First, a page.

Showing off ceramics in a white-on-white room

Design Line

October 25, 2008|By Rita St. Clair | Rita St. Clair,rsca@ritastclair.com

The high ceilings in the loft to which we recently moved make our low-slung modern furniture seem badly out of scale. I've learned from magazines that this problem can be effectively addressed by painting the ceiling a dark color. OK, but how should I display my collection of ceramics? None of the items is especially large but each can be clearly seen from a few feet away.

Without knowing the room's actual dimensions or - most importantly - its lighting array, the best I can offer are some general thoughts as well as a photo of a setting that may have similarities to your own.

This image comes from The Nest Home Design Handbook, written by Carley Roney and published by Clarkson Potter. It's a well-illustrated guide for those seeking suggestions for integrating personal accessories into a residential space.

This minimalist-style loft features white walls, a white lacquered floor and modern furnishings. The pleasantly monochromatic color scheme includes bits of beige as well as variations in texture that are especially important in a design of this sort.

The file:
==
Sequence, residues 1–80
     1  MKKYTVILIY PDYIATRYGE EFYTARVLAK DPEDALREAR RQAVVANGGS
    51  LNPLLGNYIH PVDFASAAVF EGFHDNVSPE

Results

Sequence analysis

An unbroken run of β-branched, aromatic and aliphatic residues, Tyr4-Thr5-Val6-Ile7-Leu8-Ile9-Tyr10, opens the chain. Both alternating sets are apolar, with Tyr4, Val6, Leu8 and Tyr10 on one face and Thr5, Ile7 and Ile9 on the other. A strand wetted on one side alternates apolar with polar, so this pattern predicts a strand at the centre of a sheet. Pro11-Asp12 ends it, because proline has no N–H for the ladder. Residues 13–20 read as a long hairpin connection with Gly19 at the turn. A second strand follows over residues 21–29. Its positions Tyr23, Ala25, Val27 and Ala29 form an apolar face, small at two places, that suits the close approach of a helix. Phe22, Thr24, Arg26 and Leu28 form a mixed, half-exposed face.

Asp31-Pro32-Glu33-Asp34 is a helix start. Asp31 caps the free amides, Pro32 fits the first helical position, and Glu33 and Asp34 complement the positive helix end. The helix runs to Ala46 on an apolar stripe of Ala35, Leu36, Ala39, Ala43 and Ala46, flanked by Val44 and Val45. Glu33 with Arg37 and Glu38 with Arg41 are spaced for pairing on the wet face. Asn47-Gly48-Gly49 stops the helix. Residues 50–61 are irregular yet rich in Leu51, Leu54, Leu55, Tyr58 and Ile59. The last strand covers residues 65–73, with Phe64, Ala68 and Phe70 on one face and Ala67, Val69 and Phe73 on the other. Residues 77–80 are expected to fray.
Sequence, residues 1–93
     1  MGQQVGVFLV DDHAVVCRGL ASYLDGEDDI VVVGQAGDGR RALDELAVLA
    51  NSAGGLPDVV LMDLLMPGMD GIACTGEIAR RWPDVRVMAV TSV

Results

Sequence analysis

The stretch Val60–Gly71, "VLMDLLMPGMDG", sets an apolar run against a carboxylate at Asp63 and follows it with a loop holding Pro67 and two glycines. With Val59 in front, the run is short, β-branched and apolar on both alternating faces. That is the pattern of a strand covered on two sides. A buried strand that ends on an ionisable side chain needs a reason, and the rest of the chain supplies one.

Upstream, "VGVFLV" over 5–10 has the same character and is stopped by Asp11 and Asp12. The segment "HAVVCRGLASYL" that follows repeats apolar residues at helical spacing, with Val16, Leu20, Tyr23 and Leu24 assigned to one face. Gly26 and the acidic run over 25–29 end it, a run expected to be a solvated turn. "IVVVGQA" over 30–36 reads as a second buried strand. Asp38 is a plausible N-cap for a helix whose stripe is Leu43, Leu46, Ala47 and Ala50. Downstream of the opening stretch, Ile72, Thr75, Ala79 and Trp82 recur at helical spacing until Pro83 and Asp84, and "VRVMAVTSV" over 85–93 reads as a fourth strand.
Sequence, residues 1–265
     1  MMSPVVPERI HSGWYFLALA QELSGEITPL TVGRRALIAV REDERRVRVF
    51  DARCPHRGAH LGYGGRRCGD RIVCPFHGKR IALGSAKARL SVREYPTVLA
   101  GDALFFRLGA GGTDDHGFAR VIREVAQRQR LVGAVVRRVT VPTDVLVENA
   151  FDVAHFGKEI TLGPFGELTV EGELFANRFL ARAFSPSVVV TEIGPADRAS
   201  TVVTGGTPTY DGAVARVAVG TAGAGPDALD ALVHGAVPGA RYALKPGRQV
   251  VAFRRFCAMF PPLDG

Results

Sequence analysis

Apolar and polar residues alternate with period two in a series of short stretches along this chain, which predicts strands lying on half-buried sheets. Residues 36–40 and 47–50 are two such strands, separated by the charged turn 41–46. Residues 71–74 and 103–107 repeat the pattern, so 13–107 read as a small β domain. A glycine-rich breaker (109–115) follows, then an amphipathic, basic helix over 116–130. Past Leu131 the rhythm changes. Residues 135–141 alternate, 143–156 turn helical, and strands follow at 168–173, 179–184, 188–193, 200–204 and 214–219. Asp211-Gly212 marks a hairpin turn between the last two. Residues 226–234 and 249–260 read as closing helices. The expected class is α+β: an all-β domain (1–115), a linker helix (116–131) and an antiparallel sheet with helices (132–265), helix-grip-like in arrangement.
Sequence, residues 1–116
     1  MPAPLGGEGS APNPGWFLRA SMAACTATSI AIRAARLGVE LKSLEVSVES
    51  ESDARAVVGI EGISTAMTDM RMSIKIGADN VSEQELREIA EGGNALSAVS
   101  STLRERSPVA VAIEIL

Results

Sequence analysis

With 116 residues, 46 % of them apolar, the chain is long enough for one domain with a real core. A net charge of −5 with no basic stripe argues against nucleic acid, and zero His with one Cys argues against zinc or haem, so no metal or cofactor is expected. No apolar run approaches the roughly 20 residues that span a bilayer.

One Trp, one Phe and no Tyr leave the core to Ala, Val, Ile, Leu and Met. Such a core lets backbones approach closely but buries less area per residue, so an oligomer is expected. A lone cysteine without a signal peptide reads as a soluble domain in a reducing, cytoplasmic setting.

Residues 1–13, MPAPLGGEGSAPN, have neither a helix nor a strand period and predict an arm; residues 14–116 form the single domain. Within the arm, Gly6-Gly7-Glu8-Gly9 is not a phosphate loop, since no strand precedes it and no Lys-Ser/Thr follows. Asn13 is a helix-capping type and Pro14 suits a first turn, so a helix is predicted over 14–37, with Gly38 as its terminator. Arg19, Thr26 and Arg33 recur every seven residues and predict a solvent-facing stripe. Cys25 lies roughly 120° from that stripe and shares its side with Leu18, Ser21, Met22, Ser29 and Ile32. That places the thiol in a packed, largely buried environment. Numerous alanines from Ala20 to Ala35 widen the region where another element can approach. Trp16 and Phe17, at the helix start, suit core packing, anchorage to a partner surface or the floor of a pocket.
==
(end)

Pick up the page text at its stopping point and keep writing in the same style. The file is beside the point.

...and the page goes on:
As you can see, the most prominent element in this room is the self-standing, see-through shelving unit, which is also lacquered in white. It serves as a partial divider even though its sheerness makes the piece practically disappear into its surroundings. Consequently, the collection of mostly white ceramics seems to be floating in space.

Attention can also be diverted from the height of the ceiling by displaying a collection like yours on a shelf extending right across one of the walls and probably painted the same color as that wall. The shelf would have to be wide enough and high enough off the floor for your ceramics to be securely displayed. This option might be better suited than the free-standing unit to a collection that includes objects of various colors.

No matter how you decide to display your ceramics, please note that they won't look their best unless they're properly lit.

Rita St. Clair is a Baltimore-based interior designer. Readers with general interior-design questions can e-mail her at the above address.

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